Victor Aloysius Meyers was born in mid -1898 as the 15th of 16 children in Little Falls, Minnesota. Vic's father was County Treasurer for Morris County, Minnesota, a position he held for 30 years. When the family moved West to Oregon in the mid-'teens, Vic started on a musical career. He could play violin, but by the age of 18, he was a drummer in a three piece group that played each summer at Seaside, an ocean resort. At 21, in 1919 he got a two year contract to play with a full size band in the Rose Room in Seattle’s Hotel Butler, located at the corner of 2nd Avenue and James Street. Its construction started around 1900 and when it opened it "immediately became the jewel in the City’s crown. Its lavish Rose Room grill featured magnificent cuisine in an atmosphere of top recording orchestras, cut-glass chandeliers, thick imported carpets and sterling silver."
Nashville-born, Los Angeles-based singer/songwriter Meg Myers makes her full-length debut with 2015's Sorry. The album comes on the heels of her two well-received EPs, 2013's Daughter in the Choir and 2014's Make a Shadow. As with those releases, Sorry once again finds Myers collaborating with longtime producer Dr. Rosen Rosen. Together, they craft moody, electronic-tinged rock anthems centered on Myers' yearning, passionate vocals. While Myers' distinctive brand of dark pop fits nicely next to contemporaries like Lorde and Florence + the Machine, Sorry also brings to mind the work of alternative rock-era icons like Sinéad O'Connor and Garbage. Included on Sorry is the urgent '90s grunge-influenced single "Lemon Eyes".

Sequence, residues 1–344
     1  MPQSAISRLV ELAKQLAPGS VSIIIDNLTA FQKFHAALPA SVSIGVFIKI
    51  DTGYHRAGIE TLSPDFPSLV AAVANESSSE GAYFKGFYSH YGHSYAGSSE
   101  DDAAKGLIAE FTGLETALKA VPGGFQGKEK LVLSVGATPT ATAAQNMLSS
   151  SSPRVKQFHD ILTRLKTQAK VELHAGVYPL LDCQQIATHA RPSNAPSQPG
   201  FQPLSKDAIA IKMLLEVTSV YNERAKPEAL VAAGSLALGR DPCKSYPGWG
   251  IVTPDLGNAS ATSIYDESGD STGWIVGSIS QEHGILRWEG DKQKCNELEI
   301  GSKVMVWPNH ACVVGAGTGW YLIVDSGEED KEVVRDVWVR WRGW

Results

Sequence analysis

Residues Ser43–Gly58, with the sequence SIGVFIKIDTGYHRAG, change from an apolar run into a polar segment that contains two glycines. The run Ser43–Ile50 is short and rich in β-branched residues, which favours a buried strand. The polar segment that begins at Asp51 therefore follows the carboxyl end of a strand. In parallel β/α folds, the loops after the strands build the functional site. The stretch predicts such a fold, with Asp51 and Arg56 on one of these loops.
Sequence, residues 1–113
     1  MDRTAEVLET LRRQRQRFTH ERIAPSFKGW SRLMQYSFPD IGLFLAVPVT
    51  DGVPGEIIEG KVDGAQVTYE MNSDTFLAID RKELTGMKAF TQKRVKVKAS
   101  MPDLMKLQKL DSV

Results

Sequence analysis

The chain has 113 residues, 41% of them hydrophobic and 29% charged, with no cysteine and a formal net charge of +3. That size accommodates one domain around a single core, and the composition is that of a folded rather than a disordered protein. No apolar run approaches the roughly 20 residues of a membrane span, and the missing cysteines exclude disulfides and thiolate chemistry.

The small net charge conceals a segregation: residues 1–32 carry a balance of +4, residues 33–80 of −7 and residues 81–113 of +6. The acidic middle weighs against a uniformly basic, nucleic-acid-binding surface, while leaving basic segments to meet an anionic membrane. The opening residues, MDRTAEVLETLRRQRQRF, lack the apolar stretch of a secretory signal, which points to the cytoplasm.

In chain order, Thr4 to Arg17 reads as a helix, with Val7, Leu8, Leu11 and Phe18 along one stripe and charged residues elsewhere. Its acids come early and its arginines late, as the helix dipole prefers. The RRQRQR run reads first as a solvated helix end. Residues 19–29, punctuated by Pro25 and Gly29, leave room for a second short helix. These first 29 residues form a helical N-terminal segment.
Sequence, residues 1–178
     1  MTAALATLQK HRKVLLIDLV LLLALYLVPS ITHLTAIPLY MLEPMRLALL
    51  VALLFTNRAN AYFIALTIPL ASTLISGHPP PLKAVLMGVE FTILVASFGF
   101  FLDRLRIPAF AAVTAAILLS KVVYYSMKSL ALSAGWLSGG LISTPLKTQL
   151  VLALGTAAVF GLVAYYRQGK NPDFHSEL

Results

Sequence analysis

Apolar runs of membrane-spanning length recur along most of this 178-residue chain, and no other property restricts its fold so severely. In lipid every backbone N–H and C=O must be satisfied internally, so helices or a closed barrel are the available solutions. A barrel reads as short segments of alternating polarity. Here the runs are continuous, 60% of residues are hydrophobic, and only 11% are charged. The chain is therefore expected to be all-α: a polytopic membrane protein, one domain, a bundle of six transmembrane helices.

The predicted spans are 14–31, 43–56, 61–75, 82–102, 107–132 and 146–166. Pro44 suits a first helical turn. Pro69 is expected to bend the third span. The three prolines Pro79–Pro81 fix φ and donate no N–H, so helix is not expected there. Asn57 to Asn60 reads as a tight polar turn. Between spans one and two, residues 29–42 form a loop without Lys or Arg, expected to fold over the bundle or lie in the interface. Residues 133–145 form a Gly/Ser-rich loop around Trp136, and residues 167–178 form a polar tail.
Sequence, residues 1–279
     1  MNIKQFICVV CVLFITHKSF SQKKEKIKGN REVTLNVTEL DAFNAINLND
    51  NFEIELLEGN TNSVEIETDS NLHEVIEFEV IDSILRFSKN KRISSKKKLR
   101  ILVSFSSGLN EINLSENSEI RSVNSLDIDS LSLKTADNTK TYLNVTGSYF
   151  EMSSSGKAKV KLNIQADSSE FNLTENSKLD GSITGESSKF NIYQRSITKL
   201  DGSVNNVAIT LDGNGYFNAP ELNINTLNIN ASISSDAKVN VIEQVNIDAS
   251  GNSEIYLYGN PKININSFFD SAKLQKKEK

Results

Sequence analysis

This recording brings together two of today’s finest British organist/composers and includes specially commissioned works. Jeremy Filsell’s music is rooted in a long liturgical tradition and ranges from a poignant Epitaph to a Te Deum which recreates the spirit of William Walton’s glorious piece for the 1953 Coronation. David Briggs’s Pange lingua portrays the wonders of the Holy Communion in music, and his dramatic and grandiose Messe pour Saint-Sulpice also has moments of quiet, emotional profundity. The Vasari Singers’ Great British Anthems (8572504) has been described as “essential listening” (Gramophone).